The majority of food-delivery personnel are hired as employees, rather than contractors, the Ministry of Labor (MOL) said yesterday.
The ministry said that the findings of a labor inspection conducted by the Occupational Safety and Health Administration, contradicted claims by food-delivery platform operators that their workers are contractors and not employees, so they are not obligated to follow the rules in the Labor Standards Act (勞動基準法) and Labor Inspection Act (勞動檢查法).
The inspection focused on people working for Foodpanda, Lalamove, Cutaway, Quickpick, Deliveroo, Uber Eats, YoWoo Food Delivery, Foodomo and JKO Delivery, administration Director Tsou Tzu-lien (鄒子廉) said, adding that Honestbee and Foodtoall have ceased operations.
Photo: Tang Shih-ming, Taipei Times
Inspections were carried out by randomly selecting five or more delivery workers from each of the nine existing platform operators and asking them about their work relationship with their platform.
Five of the nine platforms hire their workers as employees, including Uber Eats, Lalamove, Cutaway, Quickpick and Foodpanda, the administration found.
JKO Delivery, Yo-Woo and Foodomo do not recruit workers, instead outsourcing the job to courier companies, while Deliveroo hires its workers as contractors, it found.
The inspection also found that the nation has 45,129 delivery workers, only 1,363 of which are contractors.
While five platforms hire their workers as employees, they do not follow labor regulations, such as maintaining worker record cards and workers’ attendance records, or subscribing to national labor insurance, the inspection found.
“We will hand over the collected evidence to local labor officials, who will determine the fines that platform operators should pay in view of their labor regulation infringements,” Tsou said.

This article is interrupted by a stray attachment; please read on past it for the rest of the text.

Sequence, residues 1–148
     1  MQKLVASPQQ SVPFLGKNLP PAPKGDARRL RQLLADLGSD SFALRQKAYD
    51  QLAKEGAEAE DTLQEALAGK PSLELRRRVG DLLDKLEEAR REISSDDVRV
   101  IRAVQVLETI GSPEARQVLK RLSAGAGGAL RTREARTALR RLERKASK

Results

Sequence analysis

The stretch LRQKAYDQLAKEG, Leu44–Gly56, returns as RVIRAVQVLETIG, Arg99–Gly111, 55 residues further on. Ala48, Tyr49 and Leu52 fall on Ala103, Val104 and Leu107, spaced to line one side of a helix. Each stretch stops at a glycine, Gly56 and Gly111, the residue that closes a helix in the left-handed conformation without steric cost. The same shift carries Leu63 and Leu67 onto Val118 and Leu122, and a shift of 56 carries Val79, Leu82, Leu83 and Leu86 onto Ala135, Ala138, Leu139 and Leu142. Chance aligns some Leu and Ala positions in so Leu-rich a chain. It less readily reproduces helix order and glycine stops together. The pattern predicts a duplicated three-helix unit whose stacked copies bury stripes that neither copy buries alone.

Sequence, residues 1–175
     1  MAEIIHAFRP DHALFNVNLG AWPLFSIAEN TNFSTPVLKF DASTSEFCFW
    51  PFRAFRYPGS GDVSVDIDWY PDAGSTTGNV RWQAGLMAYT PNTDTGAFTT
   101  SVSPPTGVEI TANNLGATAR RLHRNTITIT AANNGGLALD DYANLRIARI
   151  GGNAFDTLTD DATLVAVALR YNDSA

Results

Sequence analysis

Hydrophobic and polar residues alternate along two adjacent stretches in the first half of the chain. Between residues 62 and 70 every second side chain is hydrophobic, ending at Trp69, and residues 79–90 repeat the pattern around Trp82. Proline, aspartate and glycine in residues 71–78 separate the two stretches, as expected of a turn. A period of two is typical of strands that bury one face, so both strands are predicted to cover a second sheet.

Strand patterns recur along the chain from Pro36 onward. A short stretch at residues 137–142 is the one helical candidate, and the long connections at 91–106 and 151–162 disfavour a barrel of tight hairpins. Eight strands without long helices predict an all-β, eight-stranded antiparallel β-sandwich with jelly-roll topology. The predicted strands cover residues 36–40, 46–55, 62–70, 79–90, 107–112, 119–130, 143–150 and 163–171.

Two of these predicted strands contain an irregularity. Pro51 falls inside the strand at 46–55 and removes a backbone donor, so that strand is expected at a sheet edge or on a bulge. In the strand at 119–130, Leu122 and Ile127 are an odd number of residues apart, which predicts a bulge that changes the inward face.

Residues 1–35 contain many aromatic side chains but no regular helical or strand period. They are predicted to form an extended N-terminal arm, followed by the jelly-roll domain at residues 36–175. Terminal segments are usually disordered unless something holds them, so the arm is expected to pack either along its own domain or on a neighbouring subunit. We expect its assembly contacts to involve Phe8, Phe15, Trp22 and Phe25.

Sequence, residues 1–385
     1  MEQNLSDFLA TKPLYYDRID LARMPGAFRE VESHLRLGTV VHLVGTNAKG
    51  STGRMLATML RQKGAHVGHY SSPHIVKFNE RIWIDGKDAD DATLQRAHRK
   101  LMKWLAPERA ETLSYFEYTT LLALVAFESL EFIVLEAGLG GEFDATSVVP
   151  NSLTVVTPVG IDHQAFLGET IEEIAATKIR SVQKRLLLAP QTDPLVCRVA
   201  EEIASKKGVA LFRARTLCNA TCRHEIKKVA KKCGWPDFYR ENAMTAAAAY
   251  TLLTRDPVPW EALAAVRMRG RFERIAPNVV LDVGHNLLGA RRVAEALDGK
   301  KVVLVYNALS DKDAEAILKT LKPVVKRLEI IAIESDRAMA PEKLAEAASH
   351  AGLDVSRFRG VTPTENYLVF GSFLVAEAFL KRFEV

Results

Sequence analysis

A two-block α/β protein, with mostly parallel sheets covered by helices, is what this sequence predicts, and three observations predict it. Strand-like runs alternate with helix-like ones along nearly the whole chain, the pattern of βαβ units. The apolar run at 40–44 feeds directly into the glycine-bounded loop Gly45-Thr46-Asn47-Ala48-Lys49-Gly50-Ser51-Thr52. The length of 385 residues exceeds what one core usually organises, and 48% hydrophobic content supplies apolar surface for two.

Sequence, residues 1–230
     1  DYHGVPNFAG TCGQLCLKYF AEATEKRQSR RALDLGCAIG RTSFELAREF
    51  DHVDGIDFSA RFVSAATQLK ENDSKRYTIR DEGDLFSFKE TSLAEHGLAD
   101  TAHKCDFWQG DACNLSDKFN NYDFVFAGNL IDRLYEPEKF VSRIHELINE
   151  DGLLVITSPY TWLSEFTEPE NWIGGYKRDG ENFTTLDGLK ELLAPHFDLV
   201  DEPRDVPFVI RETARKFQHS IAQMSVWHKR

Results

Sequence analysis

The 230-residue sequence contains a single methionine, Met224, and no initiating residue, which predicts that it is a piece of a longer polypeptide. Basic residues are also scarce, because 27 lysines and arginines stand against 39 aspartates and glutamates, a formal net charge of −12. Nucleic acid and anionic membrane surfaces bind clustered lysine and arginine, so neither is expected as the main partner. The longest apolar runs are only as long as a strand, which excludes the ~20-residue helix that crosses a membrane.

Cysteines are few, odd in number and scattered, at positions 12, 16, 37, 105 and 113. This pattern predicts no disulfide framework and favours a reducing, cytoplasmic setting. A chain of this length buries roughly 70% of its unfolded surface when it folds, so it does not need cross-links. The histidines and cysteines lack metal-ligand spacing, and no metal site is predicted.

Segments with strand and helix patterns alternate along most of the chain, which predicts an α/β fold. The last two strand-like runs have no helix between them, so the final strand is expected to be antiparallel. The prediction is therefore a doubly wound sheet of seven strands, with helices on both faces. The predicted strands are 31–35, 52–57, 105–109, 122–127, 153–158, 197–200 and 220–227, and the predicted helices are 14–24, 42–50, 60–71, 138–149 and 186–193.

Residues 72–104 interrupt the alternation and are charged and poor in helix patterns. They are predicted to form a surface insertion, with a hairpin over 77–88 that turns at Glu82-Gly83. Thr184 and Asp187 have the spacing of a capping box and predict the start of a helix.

Chu Chin-lung (朱金龍), an administration official who was in charge of this labor inspection, said that inspectors examined also examined records to determine the relationship between delivery workers and platform operators, including the contracts between operators and workers, delivery workers’ work schedules, how the delivery orders were given, and how workers are punished or rewarded.
They also interviewed the workers to verify the information they found, Chu said.
The business models used by food delivery platforms vary, Chu said.
Some platforms give assignments to workers directly, while others have food delivered by courier companies or other means, he said, adding that some platforms formed partnerships with cargo transport firms, but maintain a high degree of control over the delivery workers.
Using Uber Eats as an example, Chu said that it monitors workers’ whereabouts through its mobile phone application, adding that the company requires them to report to the system when a delivery is completed or interrupted.
The system also determines how many food orders a worker should deliver and how much they should be paid.
There is no room to negotiate salaries, he said.
Before attending a meeting at the Legislative Yuan yesterday morning, Minister of Labor Hsu Ming-chun (許銘春) said that the ministry would help delivery workers form a union, through which they could join a labor insurance plan.
The Sharing Economy Association Taiwan said that the ministry should respect workers’ decisions and avoid using outdated laws to regulate new services.